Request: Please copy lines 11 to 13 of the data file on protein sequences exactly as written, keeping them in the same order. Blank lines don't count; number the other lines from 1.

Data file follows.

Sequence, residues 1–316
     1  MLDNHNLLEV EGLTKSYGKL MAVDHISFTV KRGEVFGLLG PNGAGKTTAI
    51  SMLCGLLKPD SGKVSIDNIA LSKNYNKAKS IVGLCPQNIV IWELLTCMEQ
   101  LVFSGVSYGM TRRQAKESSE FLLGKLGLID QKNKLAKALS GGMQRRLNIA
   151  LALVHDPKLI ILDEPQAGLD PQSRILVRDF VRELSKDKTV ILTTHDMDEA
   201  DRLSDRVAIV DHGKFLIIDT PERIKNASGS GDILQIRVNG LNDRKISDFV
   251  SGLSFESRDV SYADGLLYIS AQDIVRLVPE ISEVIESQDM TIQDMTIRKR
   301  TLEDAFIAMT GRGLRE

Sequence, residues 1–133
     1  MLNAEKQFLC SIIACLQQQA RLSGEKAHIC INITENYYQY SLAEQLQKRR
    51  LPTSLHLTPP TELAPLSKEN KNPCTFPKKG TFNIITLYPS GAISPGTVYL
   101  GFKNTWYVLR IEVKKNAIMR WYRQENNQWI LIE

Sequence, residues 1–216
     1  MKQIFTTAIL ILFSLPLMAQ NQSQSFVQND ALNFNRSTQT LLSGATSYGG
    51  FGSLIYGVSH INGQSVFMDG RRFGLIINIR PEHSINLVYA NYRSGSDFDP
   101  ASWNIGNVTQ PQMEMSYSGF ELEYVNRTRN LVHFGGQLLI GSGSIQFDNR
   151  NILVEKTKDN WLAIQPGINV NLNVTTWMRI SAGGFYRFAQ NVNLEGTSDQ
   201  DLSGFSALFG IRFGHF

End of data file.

    51  LPTSLHLTPP TELAPLSKEN KNPCTFPKKG TFNIITLYPS GAISPGTVYL
   101  GFKNTWYVLR IEVKKNAIMR WYRQENNQWI LIE

Sequence, residues 1–216